The Dawn of Labor: Commemorating May Day, by Yanis Iqbal

Solidarity of Labour by Walter Crane 1889

Image by Tysasi via Flickr

by Yanis Iqbal
Writer, Dandelion Salad
Aligarh, India
May 4, 2021

In 1889, Clara Zetkin wrote: “Wherever busy folk are drudging under the yoke of capitalism, the organised working men and women will demonstrate on May Day for the idea of their social emancipation.” In today’s world, the murderous claws of oppression have dug deeper into the flesh of humanity. The globalization of capital, establishment of post-Fordist economic arrangements of flexible specialization, financialization of the accumulation process and neo-colonial strangulation of the Global South have led to a barbaric situation. Amid this generalized chaos, May 1 acts as a blazing streak, inviting the wretched of the earth to reflect intensively on their own history of joy, tenacious resistance, collective courage and strong solidarity.

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The Brief Origins of May Day by Eric Chase

Occupy May Day 2012

Image by brent granby via Flickr

Dandelion Salad
Originally published May 1, 2015

Republished with permission from IWW

by Eric Chase
IWW, 1993
April 30, 2021

Most people living in the United States know little about the International Workers’ Day of May Day. For many others there is an assumption that it is a holiday celebrated in state communist countries like Cuba or the former Soviet Union. Most Americans don’t realize that May Day has its origins here in this country and is as “American” as baseball and apple pie, and stemmed from the pre-Christian holiday of Beltane, a celebration of rebirth and fertility.

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The War at Home: Part 1: Rebellion

The Anti-War Speech That Jailed Eugene Debs For 10 Years

Screenshot by Dandelion Salad via Flickr
Watch the video below

Dandelion Salad

“The master class has always declared the wars; the subject class has always fought the battles. The master class has had all to gain and nothing to lose, while the subject class has had nothing to gain and all to lose—especially their lives.” — Eugene Debs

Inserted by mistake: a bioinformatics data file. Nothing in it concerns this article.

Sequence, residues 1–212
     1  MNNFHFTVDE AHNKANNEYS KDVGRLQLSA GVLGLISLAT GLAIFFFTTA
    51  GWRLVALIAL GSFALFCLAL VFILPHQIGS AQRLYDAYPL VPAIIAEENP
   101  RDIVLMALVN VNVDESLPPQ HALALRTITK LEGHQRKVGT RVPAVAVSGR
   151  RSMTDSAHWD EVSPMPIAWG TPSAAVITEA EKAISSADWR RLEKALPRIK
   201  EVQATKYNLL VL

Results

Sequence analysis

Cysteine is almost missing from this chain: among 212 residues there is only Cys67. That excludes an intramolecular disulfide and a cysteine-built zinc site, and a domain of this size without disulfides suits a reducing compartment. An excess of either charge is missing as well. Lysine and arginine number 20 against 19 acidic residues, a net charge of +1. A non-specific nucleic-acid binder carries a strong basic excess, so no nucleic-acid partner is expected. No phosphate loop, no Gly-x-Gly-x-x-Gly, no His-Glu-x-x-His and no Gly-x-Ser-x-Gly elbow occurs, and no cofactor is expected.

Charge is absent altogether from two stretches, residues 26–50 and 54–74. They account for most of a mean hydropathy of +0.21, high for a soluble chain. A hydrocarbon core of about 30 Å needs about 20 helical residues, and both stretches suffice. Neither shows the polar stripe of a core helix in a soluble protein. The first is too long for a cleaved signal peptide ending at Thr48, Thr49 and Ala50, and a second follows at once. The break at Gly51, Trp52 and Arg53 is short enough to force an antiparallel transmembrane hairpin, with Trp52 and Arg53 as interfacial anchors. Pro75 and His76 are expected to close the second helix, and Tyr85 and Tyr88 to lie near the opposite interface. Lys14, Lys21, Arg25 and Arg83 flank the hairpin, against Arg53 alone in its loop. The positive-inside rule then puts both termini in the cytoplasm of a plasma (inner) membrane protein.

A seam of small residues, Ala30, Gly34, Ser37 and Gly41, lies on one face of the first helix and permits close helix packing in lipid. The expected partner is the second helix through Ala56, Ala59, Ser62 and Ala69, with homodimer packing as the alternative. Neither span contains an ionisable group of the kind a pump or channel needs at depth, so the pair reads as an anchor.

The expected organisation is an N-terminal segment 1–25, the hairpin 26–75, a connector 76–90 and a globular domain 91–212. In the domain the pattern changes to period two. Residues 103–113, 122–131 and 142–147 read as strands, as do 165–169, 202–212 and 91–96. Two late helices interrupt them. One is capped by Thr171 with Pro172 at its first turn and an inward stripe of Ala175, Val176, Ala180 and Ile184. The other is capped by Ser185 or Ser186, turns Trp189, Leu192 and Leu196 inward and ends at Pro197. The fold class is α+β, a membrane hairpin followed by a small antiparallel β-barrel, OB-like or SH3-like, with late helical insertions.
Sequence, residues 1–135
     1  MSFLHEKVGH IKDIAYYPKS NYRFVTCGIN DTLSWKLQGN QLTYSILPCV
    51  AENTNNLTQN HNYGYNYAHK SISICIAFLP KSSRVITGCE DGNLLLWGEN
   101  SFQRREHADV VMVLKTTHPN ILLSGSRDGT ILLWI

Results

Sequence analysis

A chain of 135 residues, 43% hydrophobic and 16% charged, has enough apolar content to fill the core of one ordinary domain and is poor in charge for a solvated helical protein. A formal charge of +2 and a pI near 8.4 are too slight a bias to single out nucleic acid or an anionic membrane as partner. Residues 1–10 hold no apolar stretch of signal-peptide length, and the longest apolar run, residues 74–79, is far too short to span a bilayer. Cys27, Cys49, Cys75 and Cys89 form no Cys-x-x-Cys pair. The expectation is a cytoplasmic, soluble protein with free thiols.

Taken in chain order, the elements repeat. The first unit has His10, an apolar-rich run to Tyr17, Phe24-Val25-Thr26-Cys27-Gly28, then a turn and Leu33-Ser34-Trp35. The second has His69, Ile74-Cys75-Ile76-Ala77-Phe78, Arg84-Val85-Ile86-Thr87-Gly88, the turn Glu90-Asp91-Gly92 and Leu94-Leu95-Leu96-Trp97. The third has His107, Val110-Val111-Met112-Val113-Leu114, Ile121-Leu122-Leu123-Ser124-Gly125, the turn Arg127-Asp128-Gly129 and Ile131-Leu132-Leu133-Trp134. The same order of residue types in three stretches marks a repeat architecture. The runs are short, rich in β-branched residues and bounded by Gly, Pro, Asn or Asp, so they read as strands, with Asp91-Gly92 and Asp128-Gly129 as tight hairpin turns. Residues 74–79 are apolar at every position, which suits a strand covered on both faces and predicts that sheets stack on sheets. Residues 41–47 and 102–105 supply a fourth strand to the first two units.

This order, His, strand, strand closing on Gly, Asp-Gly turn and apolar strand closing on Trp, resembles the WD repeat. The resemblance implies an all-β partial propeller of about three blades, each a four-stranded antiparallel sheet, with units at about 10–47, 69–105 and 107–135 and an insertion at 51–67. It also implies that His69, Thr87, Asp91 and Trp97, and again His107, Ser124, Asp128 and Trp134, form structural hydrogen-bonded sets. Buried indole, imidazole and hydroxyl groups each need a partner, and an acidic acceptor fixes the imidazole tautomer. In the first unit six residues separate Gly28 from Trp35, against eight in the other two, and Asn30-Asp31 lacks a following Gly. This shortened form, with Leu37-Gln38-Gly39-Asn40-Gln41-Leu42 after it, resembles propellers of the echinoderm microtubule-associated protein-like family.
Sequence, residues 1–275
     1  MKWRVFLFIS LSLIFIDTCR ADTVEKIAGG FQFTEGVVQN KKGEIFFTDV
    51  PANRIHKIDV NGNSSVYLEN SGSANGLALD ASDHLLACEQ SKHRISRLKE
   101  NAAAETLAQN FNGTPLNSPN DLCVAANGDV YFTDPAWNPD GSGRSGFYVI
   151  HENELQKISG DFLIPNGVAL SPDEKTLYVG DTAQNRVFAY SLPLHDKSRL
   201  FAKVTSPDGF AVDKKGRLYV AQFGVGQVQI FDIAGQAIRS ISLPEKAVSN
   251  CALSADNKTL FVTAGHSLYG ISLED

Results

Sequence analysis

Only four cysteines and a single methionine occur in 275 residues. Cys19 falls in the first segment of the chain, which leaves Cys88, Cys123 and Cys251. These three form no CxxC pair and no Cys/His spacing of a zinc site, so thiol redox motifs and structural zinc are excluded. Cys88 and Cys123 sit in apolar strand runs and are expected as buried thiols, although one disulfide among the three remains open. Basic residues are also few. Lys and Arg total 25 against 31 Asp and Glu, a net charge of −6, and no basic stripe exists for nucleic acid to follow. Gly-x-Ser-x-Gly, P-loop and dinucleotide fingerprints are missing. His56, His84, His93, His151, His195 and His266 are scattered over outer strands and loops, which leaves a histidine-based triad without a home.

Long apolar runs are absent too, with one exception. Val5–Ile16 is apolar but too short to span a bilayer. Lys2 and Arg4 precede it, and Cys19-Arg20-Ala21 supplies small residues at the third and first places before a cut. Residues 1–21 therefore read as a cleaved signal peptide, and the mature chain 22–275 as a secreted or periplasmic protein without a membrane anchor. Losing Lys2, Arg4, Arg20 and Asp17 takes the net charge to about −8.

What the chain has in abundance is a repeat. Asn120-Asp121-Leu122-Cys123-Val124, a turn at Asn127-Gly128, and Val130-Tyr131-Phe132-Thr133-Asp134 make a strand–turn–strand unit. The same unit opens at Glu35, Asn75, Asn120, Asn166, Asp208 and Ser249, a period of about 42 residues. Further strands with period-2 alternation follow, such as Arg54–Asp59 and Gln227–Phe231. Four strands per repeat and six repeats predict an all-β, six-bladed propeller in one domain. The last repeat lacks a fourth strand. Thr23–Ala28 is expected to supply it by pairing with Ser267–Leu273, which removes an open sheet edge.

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Part 3: Freedom from Socioeconomic Oppression, by W.R. Zammichiéli

an injury to one is an injury to all

Image by Tim Pierce via Flickr

by W.R. Zammichiéli
Writer, Dandelion Salad
August 7, 2020

(Part Three of an Ongoing Series: The Four Fundamental Freedoms of Libertarian Socialism) [Part 1, Part 2]

Throughout the course of human history, there have been countless individuals inhabiting countless communities who have been directly and indirectly participatory in various movements dedicated to the elimination of specific hierarchical structures present within a given society that exist for the sole purposes of ensuring the systemic oppression of a unique portion of the population. Be it upon the basis of biological factors, or be it upon the basis of cultural characteristics, or be it upon the basis of economic positioning, there have been numerous systems of oppression designated to specifically subjugate an entire portion of the population predicated upon the principle of maintaining the embedded structures of power within a particular society.

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Part 2: Freedom From Statism, by W.R. Zammichiéli

Smash The State

Image by Andrew Reilly via Flickr

by W.R. Zammichiéli
Writer, Dandelion Salad
July 31, 2020

“Every State is a dictatorship.” — Antonio Gramsci

(Part Two of an Ongoing Series: The Four Fundamental Freedoms of Libertarian Socialism) [Part 1]

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Part 1: Freedom From Capitalism, by W.R. Zammichiéli

Anarchism

Image by Rae Allen via Flickr

by W.R. Zammichiéli
Writer, Dandelion Salad
July 26, 2020

The ideology of capitalism is indistinguishable from the ideology of the cancer cell — unlimited growth for the purposes of infinite expansion within a finite reality.

(Part One of an Ongoing Series: The Four Fundamental Freedoms of Libertarian Socialism)

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The Science of Marxism

Karl Marx by Robert Diedrichs, 1970. Courtesy WikiCommons

Image by Royal Opera House Covent Garden via Flickr

Dandelion Salad

“We’re gonna focus on two core philosophical components of Marxism: Dialectical Materialism and Historical Materialism. We’re going to show how both of these can be used to better understand the world and change it for the good of all poor and colonized people like ourselves. And in doing so we can debunk this widespread narrative in mainstream media that Marxism is somehow an outdated dogmatic religion. We can demonstrate that Marxism is truly a science and a weapon for revolutionary change.” — Ramiro Fúnez